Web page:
The context of online commentary can represent the status of your brand reputation. Consider using the results of your analysis to create social media content that places your company in a positive light. If the data you collected represents a positive overview of your brand, then you can continue your efforts to maintain the brand's health.
Crisis communication is necessary when there is a negative conversation about your brand. Social sentiment analysis can reveal a sudden increase in negative comments, revealing a situation that you may need to address to restore customer trust and repair your brand's public image. For example, suppose you aired a commercial with a message about a controversial issue, and your audience members reacted in confusion, according to your sentiment monitoring. To steer the conversation, you release a statement clarifying your intentions and taking accountability for your actions.
Related: How To Implement Crisis Management
Research of the competition
Not only can you analyze commentary about your brand, but you can also monitor social sentiment about competing brands. Comparing the results of your analysis against the competition's reports can reveal your rank on the market, and you can learn what customers like and dislike about their products.
Tips for monitoring social sentiment
For additional details about monitoring social sentiment, consider following these tips:
Learn social media jargon
Consumers may use slang to express their opinions on social media. During your sentiment analysis, as you create terms to represent positive and negative reactions, consider including social media jargon to collect more data about your brand conversations. For example, consumers may write that they "stan" a product, which means they're fans of the product and how it works. They may also use catchy phrases from pop culture to convey their feelings. Study trends on social media that may influence the way your target audiences express themselves.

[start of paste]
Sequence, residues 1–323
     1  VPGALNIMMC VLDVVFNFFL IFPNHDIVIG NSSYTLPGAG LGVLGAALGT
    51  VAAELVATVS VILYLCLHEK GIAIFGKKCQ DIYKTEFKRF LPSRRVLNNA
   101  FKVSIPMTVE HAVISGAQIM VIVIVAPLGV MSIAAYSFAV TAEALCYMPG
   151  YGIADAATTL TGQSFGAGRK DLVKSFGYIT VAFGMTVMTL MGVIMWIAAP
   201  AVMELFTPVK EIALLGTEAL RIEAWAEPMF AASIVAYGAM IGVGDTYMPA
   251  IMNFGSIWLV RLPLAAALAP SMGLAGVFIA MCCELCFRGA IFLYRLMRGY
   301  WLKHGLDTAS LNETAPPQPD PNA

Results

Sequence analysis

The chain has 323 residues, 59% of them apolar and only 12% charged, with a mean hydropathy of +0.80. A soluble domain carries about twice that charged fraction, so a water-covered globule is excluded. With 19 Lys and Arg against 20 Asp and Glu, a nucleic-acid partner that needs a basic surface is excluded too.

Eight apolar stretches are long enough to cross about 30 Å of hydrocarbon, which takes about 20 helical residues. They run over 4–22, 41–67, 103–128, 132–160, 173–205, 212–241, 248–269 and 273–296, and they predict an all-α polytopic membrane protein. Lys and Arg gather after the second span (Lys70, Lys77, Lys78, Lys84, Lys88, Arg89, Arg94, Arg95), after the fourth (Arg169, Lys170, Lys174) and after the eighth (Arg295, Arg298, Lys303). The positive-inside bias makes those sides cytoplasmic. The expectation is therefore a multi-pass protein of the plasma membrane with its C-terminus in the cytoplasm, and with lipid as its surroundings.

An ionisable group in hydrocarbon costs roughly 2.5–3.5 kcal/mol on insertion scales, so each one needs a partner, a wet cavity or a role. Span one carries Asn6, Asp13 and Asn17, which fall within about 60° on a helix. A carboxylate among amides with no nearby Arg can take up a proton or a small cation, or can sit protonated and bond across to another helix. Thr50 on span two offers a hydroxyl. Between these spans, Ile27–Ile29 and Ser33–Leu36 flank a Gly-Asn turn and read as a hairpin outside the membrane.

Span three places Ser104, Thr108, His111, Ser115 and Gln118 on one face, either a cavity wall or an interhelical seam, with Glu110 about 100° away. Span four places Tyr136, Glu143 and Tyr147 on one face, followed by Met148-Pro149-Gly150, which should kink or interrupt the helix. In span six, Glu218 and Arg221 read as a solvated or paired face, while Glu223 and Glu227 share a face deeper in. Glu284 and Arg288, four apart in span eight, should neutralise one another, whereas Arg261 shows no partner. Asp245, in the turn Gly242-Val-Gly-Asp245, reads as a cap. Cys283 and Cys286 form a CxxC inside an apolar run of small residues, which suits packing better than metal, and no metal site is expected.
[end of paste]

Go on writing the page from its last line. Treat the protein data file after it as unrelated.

Analyze commentary before and after a campaign
Social sentiment analysis can help you prepare your marketing campaign and determine the success of your campaign. Study social media commentary before you launch your advertisements to gain insight into how consumers feel about your brand. For instance, if they appear excited about an upcoming product launch, then you may decide to release a brief commercial to continue to generate excitement and maintain relevance. If consumers feel overwhelmed by the launches of similar products, then you may decide to postpone your campaign until the conversation shifts.
Once the campaign has launched, your sentiment reports can show if your advertisements successfully engaged your target audiences, which can inform you to create similar content for the future. For example, if the consensus on social media was a character in your commercial was funny and authentic, then you can contemplate creating a series with that character to promote your product.
Rank the significance of your results
It's important to decipher the impact of social sentiment on your sales performance. As you study your results, you may realize the consumers conversing about your company may not be members of your target audience, and therefore may have little influence over your products sell on the market. For instance, suppose you promote a children's toy, and teenage social media users react negatively to the advertisements online. Although there are a lot of negative comments, your toy still sells out because it appealed to the parents of the children, not the teenagers who conveyed disinterest.
Please note that none of the companies mentioned in this article are affiliated with Indeed.